"Life is brought down to the basics: if you are warm, regular, healthy, not thirsty or hungry, then you are not on a mountain... Climbing at altitude is like hitting your head against a brick wall - it's great when you stop."

Chris Darwin

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In search of a perfect pack

Credit: Ari Paulin, (c) (c) 2010 Ari Paulin, licensed under: (c) 2010 Ari Paulin.

I need to find a alpine climbing pack for trips where I need to carry a tent, sleeping bag, pad and few days worth of food on top of all the gear needed for technical climbing in mixed alpine terrain.

My approach is to take as small a pack as possible so that it will be easy to carry while on the climb as possible. For this goal, I am willing to compromise during the approach by overpacking and attaching gear outside if necessary. I figure the size that is just large enough would be around 40 liters.

Other than the correct size, the features I am looking for are:

  • Lean-and-mean single compartment design
  • Reasonably durable fabrics
  • Low weight
  • Side attachments for ice tools
  • strap for rope
  • floating lid for overpacking

Some models worth consideration:

  • Arc'teryx NAOS 45Arc'teryxNAOS 45 (ridiculously expensive)
  • Berghaus Arete Pro 45lBerghausArete Pro 45l (too large?)
  • Black Diamond Sphynx 42lBlack DiamondSphynx 42l (Very narrow design, seems fine. Doesn't have fully floatable lid. Much more durable than Speed.)
  • CiloGear Dyneema 45CiloGearDyneema 45 or CiloGear Worksack 45lCiloGearWorksack 45l (looks very interesting, expensive)
  • Cold Cold World Cold Cold World Backpacks made by Randy Rackliff. Very nice looking line of backpacks with realistically priced possibility to order custom made. Should be great for climbing, as Randy's personal experience actually out using the gear as intendeded is pretty much second to none (including stuff like 3rd ascent of of Moonflower and 1st ascent of Reality Bath come to mind...early solos of Slipstream..Tear Drop etc.). For us Euros the ordering though the company website means that the price gets bumbed up through shipping, customs and VAT though. See also introduction/review)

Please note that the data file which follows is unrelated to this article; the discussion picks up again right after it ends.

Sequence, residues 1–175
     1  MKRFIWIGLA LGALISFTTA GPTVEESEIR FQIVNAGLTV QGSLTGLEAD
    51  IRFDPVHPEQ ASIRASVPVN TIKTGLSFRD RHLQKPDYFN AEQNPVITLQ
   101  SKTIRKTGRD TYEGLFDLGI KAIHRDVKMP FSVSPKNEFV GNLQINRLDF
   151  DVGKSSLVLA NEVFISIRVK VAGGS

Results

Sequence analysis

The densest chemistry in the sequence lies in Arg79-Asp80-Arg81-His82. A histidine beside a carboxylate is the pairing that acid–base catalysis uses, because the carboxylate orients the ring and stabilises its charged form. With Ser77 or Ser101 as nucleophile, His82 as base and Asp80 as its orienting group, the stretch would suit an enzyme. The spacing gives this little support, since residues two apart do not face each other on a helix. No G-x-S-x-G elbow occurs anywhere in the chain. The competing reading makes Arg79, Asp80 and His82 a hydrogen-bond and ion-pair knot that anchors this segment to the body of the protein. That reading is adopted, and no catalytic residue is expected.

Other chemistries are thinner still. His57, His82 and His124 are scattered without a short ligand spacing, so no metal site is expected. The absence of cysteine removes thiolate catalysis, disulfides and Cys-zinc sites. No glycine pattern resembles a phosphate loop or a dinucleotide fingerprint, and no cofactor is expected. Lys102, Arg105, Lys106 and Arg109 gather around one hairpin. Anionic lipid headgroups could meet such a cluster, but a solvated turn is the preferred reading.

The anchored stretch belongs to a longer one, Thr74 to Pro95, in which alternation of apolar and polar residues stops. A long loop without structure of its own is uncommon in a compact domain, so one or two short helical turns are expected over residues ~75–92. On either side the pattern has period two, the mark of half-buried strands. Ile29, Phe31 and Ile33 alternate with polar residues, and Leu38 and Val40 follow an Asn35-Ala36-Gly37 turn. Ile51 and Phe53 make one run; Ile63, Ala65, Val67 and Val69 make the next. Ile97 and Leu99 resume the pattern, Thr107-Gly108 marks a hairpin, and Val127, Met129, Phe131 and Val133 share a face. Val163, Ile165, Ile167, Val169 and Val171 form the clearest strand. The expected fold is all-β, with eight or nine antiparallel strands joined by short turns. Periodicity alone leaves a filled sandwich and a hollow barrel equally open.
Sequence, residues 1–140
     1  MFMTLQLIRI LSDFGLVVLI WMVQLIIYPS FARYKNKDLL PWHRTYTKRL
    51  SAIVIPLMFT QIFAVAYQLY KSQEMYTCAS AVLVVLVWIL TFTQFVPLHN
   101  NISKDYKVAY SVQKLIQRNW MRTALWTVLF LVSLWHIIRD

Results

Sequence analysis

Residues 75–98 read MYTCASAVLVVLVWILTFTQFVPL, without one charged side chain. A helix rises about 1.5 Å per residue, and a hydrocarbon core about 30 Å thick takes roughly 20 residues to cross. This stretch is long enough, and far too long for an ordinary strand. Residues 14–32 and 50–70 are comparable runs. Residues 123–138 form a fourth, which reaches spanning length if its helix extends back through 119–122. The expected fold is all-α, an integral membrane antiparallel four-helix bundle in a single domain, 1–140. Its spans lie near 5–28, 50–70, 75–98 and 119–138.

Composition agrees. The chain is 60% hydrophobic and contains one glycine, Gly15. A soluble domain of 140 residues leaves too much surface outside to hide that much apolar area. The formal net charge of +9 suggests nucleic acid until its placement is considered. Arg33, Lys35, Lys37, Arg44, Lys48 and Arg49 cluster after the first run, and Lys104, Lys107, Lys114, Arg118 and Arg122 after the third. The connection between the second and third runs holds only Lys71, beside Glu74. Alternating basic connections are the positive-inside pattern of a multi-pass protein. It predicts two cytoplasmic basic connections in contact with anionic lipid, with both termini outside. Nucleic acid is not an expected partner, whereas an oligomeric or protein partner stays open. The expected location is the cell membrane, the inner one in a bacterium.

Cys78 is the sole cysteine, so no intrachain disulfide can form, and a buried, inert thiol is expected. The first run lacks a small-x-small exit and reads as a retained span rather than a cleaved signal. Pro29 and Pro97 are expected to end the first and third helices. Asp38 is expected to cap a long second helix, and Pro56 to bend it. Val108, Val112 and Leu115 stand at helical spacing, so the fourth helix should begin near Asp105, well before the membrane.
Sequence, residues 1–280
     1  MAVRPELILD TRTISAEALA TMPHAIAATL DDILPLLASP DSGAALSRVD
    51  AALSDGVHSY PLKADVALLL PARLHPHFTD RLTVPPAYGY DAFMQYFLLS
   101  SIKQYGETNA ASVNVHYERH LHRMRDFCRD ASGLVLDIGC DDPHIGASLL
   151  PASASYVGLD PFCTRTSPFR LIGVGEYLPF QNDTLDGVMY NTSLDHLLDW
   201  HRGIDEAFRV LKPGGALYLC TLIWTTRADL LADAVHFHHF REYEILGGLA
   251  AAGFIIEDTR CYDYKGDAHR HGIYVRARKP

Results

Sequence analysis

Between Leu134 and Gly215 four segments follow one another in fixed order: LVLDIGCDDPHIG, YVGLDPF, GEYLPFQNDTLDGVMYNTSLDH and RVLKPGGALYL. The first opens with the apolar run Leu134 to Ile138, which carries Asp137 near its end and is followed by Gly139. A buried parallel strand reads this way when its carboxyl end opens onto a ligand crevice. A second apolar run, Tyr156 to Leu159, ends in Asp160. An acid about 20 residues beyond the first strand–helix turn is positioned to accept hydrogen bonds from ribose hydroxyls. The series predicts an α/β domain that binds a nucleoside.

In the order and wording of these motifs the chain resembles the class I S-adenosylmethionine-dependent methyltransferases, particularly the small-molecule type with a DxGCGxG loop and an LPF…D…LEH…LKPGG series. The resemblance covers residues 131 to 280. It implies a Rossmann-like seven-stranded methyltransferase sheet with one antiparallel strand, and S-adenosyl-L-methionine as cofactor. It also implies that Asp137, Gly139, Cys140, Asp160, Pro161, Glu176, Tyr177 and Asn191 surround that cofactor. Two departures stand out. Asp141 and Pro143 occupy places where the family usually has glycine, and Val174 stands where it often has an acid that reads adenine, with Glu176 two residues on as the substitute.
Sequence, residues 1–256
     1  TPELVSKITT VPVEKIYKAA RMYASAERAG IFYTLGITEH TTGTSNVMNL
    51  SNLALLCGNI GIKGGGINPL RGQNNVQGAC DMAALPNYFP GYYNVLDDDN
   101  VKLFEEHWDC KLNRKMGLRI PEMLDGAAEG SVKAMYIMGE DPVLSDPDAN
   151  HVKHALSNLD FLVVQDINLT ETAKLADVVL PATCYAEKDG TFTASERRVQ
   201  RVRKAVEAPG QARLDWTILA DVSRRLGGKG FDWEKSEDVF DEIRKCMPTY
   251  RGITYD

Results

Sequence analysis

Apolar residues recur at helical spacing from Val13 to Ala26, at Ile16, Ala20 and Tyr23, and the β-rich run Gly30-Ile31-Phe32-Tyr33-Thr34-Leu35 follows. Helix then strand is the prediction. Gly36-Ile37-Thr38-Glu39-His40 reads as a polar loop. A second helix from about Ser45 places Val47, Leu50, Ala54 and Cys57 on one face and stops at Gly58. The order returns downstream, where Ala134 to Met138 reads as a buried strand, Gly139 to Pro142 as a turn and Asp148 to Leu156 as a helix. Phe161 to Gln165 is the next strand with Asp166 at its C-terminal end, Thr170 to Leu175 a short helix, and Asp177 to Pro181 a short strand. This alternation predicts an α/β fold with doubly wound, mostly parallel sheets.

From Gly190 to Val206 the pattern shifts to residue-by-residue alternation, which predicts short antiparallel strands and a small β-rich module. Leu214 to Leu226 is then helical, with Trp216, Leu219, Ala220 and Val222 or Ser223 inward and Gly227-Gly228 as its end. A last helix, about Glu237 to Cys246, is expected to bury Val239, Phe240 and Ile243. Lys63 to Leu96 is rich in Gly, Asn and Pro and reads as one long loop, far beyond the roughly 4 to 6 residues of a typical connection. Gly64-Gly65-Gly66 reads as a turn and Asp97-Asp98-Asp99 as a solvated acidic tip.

• Crux AK47 XCruxAK47 X (Lean and mean design, light for the size.)
  • Haglöfs Ascent 38lHaglöfsAscent 38l (too gimmicky, heavy)
  • Lowe Alpine Mountain Attack Pro 45+10Lowe AlpineMountain Attack Pro 45+10.
  • Mammut Granit 40lMammutGranit 40l (no floating lid, crap chest strap)
  • Mammut Ice Pack 45lMammutIce Pack 45l (Alpinist Mountain Standard. Looks like it has the same crappy chest strap as Granit though.)
  • Millet Prolight 45lMilletProlight 45l.
  • Mountain Hardwear Dihedral 40lMountain HardwearDihedral 40l.
  • PODsacs Alpine 40PODsacsAlpine 40 (Looks good, probably the closest thing to my wishlist so far. Not perfect though. I don't particularly like the classic ice tool loops, IMO Black Diamond PickPocket type of attachment is far superior. Even bigger downer is that they seem to be using same crappy chest strap fastening system (plastic clamp sliding on plastic rail) that I positively hate after breaking that same system in two previous packs.)
  • PODsacs CragsacPODsacsCragsac (looks good, but unnecessarily large in sizes suitable for taller person (47+10l))
  • PODsacs Black IcePODsacsBlack Ice (looks good, but unnecessarily large in size suitable for taller person (53+12l))

Layering done right

In his book Extreme Alpinism: Climbing Light, Fast, and High, 1st edition.Twight, Mark & Martin, JamesMountaineers Books1999* The most advanced climbing how-to on the market * Techniques and mental skills needed to climb at a more challenging level * Illustrated with full-color photos throughoutBig, high routes at the edge of a climber's ability are not the places for inventing technique or relying on old habits. Complacency can lead to fatal errors. So where does the hard-core aspirant or dreamer turn? The only master class in print, Extreme Alpinism delivers an expert dose of reality and practical techniques for advanced climbers.Focusing on how top alpine climbers approach the world's most difficult routes, Twight centers his instruction on the ethos of climbing the hardest routes with the least amount of gear and the most speed. Throughout, Twight makes it clear that the two things he refuses to compromise are safety and his climbing ethics. In addition to the extensive chapters on advanced techniques and skills, Twight also discusses mental preparedness and attitude; strength and cardiovascular training; good nutrition; and tips on equipment and clothing.08988665450898866545HouseNon-fictionen Mark Twight pushes forward the idea of layering on top, which contrasts with traditional layered clothing approach. While layering under works very well in theory (and in some activities in practice as well), it isn't at home on climbing. Hanging belay is hardly a place to start removing your jacked to be able to add extra insulation layers. This layering on top works very well, as long as the kit used for it are appropriate. For example, layering belay insulation on top of shell jacket means that the shell jacket doesn't have to (in fact, it must not) be very loose. Furthermore, as the insulation jacket is bound to get wet, synthetic may be a better option than down.

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